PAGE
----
In this image made from video, the J-20 stealth fighter jet flies at the China's International Aviation and Aerospace Exhibition in Zhuhai on Nov. 1, 2016.

In this image made from video, the J-20 stealth fighter jet flies at the China's International Aviation and Aerospace Exhibition in Zhuhai on Nov. 1, 2016. Associated Press

As China Shows Off J-20 Stealth Fighter, A Bit of Context

It takes more than a flyby at an airshow to deploy fifth-generation fighter jets in combat.

Two Chinese J-20 fighter jets made their public debut at an airshow near Hong Kong on Tuesday, the latest sign of progress in Beijing’s quest to build a fleet of stealthy warplanes. But it takes more than a new airframe to play the 21st-century air-superiority game.

The J-20 is considered a competitor to the U.S. Air Force’s F-22 Raptor, a warplane conceived in the 1980s and built in the 1990s and early 2000s. The F-22 made its combat debut in 2014, striking Islamic State militants in Syria. Though its stealthiness gets the headlines, the Raptor’s sensors and datalinks changed how the U.S. Air Force approaches air combat.

Brig. Gen. Alexus Grynkewich, who flew F-16s before switching to the F-22, says that loose formations of 4th-generation aircraft sweeping the sky have given way to single 5th-gen aircraft seemingly alone yet connected to others far away.

“What we found was we’re often detached from each other, and we would have a bubble of air superiority around our individual aircraft,” said Grynkewich, who led a team that recently wrapped up an Air Force air-superiority road map. “In our single aircraft, we could control the airspace by working with others who were at different ranges away from us.”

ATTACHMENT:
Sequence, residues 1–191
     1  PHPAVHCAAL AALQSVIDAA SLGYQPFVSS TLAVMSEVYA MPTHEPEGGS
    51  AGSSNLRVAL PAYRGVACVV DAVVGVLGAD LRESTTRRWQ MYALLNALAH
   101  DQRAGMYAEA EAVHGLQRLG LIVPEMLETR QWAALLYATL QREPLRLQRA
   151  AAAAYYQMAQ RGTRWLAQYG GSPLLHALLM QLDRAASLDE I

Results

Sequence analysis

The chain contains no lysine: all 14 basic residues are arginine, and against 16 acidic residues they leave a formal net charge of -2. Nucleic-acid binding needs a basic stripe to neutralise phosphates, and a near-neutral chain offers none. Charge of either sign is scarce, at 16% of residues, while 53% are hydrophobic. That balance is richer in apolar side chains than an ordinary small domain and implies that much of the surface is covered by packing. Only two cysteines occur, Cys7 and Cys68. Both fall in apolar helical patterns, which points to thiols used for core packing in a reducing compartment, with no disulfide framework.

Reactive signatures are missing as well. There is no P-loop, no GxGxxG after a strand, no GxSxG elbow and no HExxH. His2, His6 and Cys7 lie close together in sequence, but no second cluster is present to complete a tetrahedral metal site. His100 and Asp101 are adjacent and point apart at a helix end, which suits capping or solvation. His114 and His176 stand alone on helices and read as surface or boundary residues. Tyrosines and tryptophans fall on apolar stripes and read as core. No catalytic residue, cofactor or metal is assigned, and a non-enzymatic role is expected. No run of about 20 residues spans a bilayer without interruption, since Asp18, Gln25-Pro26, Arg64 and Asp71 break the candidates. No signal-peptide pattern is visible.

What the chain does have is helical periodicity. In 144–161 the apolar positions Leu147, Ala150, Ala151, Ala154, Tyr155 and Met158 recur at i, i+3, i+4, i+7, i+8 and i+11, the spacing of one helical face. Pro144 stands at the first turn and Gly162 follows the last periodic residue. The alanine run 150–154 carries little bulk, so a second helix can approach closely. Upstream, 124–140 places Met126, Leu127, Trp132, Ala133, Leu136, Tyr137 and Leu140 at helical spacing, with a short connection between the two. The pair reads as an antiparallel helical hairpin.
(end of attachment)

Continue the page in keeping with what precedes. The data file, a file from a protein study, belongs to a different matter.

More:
“It wasn’t so much a linear battlefield anymore, but much more of a dynamic battlefield, even in the context of just that one battle in a half-hour or hour timeframe,” he said in a recent Pentagon interview. “So I think that was a little bit of a sea change in our thinking.”

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Pentagon officials who plan for Beijing’s military buildup appear to be more concerned about China’s development of long-range, aircraft carrier-killing missiles than its stealth aircraft.

Part of the reason is numbers. Then-Defense Secretary Robert Gates predicted that the U.S. military would have far more stealth planes than China through at least 2025. Currently, the U.S. has 183 F-22 Raptors, and the Lockheed Martin assembly lines are busy turning out America’s other 5th-generation jet, the F-35 Joint Strike Fighter. By the end of the year, the U.S. and its allies will be flying more than 200 F-35s; by decade’s end, that total is slated to pass 600.

By comparison, China is believed to have a dozen J-20s: four production jets and eight prototypes used for testing. Only two developmental J-31 jets — China’s other stealthy jet, similar to the F-35 — are believed to exist.

Still, the Pentagon urged caution about these planes in its annual report to Congress on China’s military.

“These fifth-generation aircraft, which could enter service as early as 2018, will significantly improve China’s existing fleet of fourth-generation aircraft (Russian-built Su-27/Su-30 and J-11A, and indigenous J-10 and J-11B fighters) to support regional air superiority and strike operations,” said the report, released in April.

China’s military rolled out the J-20 in dramatic fashion in 2011, staging a first public test flight three days after then-Defense Secretary Robert Gates told reporters that the Chinese “may be somewhat further ahead in the development of that aircraft than our intelligence had earlier predicted.” Photos of the flight emerged after Gates touched down in Beijing for an official visit. Even China’s civilian leaders were caught off-guard, U.S. defense officials said at the time.

This was about two years after Gates halted F-22 production at 187 jets, a fraction of the 750 aircraft envisioned by Cold War planners. Air Force brass were furious, but Gates reasoned that funds would be better spent on the F-35, its bomb racks, and its own advanced sensors.